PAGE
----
november 2002 -
The Big Black Harley got a clean bill of health after its 5000 mile service, so I packed the camera bag this weekend and headed out to follow the front wheel. The weather was gorgeous and the light was just right for b&w shooting, with high clouds diffusing the sun's rays making the visible world ripe with soft shadows and subtle tonal gradations. About ten minutes out, while heading south on US 101, the day's destination came clearly to mind. The Getty Center.
After riding past it a couple of times last weekend on brief photo safari to San Pedro and the Port of Los Angeles, I was primed for another visit to this spectacular museum in the hills. There is no admission charge, although it will cost you five dollars to park -- if you come in a car. If you come on a Big Black Harley it's free. And you get the best parking spot, right in close, closer even than the handicapped spots. It's a beautiful thing.
The thing about the Getty is the architecture. There's art in the buildings but it seems almost secondary. It was the first time I'd been there alone, and without the distraction of child herding or family mood management I was free to lurk and lie in wait for humans and stone and light to coalesce into just the compositions I hoped might arise. With sightlines so designed, with travertine and steel bringing out a Mandelbrot set of surprises, it's not hard to make a pretty picture. And that's what most of the visitors with cameras are doing -- either handing their Nikons to strangers to take pictures that prove they were there, or moving in close on a flower. Panoramas are popular too.
The thing about elegant architecture, or taking pictures of it and in it, is that one can't help but feel it's been seen before, that the picture in your viewfinder is a rerun. I'll pick an angle and suspect that the same damn angle can be found drawn out in ink on the third floor in building six on blueprint 3983W elevation 3b.
This is why humans are so delightfully useful. They move about, stand around, and unconsciously juxtapose themselves into the most wonderful configurations to make a synthesis of logic and chaos.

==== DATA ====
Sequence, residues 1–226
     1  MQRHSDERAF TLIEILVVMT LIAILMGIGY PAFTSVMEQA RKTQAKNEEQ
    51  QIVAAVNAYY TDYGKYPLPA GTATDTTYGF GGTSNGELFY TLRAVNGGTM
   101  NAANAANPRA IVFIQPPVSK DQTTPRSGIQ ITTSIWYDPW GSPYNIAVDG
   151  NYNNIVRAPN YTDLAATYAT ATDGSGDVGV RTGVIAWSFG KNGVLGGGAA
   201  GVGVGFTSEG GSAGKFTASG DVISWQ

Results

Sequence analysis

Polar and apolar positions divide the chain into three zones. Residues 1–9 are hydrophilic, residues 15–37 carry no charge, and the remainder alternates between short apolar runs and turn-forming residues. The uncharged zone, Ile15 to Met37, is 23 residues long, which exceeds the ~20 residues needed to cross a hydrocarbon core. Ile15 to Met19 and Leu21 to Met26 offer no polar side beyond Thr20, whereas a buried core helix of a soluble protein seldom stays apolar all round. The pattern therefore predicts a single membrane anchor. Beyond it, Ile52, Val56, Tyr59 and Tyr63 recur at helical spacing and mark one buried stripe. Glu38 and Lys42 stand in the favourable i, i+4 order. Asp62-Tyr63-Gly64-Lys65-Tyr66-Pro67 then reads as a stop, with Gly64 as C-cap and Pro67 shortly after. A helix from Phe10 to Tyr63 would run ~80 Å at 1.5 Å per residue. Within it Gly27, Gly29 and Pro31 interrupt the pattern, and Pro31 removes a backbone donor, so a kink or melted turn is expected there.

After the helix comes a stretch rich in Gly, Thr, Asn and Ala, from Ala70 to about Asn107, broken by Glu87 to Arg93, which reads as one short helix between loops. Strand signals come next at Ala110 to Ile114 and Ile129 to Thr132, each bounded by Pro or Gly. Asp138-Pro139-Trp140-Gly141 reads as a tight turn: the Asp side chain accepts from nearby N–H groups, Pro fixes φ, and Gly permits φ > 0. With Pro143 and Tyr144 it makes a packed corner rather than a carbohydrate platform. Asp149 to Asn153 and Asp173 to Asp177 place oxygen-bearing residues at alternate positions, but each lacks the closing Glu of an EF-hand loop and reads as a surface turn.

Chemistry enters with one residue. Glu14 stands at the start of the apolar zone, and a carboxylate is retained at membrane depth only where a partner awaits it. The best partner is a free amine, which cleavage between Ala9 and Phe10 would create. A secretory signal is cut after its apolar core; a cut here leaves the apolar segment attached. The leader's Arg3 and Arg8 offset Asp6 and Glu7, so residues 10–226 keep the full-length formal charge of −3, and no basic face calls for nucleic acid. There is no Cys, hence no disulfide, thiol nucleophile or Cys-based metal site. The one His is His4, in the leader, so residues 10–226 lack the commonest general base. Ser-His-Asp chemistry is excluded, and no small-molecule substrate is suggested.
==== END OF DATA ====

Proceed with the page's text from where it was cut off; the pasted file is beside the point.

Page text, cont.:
I cannot use the words logic and chaos without mentioning Amy. Her latest quest or, more precisely, obsession, is the acquisition of a wheelchair. As with the crutches she purchased a few months ago, she is saving up her allowance for a wheelchair which she has somehow convinced herself she cannot do without. She has absolutely no need for one other than the desire to play with hospital equipment. I'm torn between teaching her the lesson that money should not be squandered and the lesson that she is free to do whatever she pleases with money that is rightfully hers.
Whenever we visit the local pharmacy to refill one of her prescriptions she lingers all dreamy-eyed near the new and used wheelchairs for sale. This evening I had her sit in one and try it out, thinking maybe it might discourage her. See, here's the problem. Her CP is of the hemiplegic variety, as opposed to the paraplegic or quadriplegic sort. In her case, her right side is spastic and hypertonic. She has very little use of her right arm and hand. To make a wheelchair go straight one's hands must work in concert. Amy's hands do not, so she was basically just swerving off into the shelves every time she tried to get it going. I couldn't really pinpoint the cause of her dramatic disappointment about this; was she at last realizing the depth of her overall debilitation, or was she broken-hearted over the possibility of not getting a wheelchair? For whatever reason, tears came. I felt terrible. She really wants this thing. She scours the classifieds. Viv has called the thrift shops. Earlier this year, when confronted by their big price tags, she hung her head pitifully and murmured, "Maybe Santa will bring me a wheelchair this year. I've been pretty good."
God bless us, everyone. Sheesh. She really knows how to put the scroo into Scrooge.
"Eyeball Kid" -- Tom Waits -- MULE VARIATIONS
"Spare no expense to make everything as economic as possible."
- Samuel Goldwyn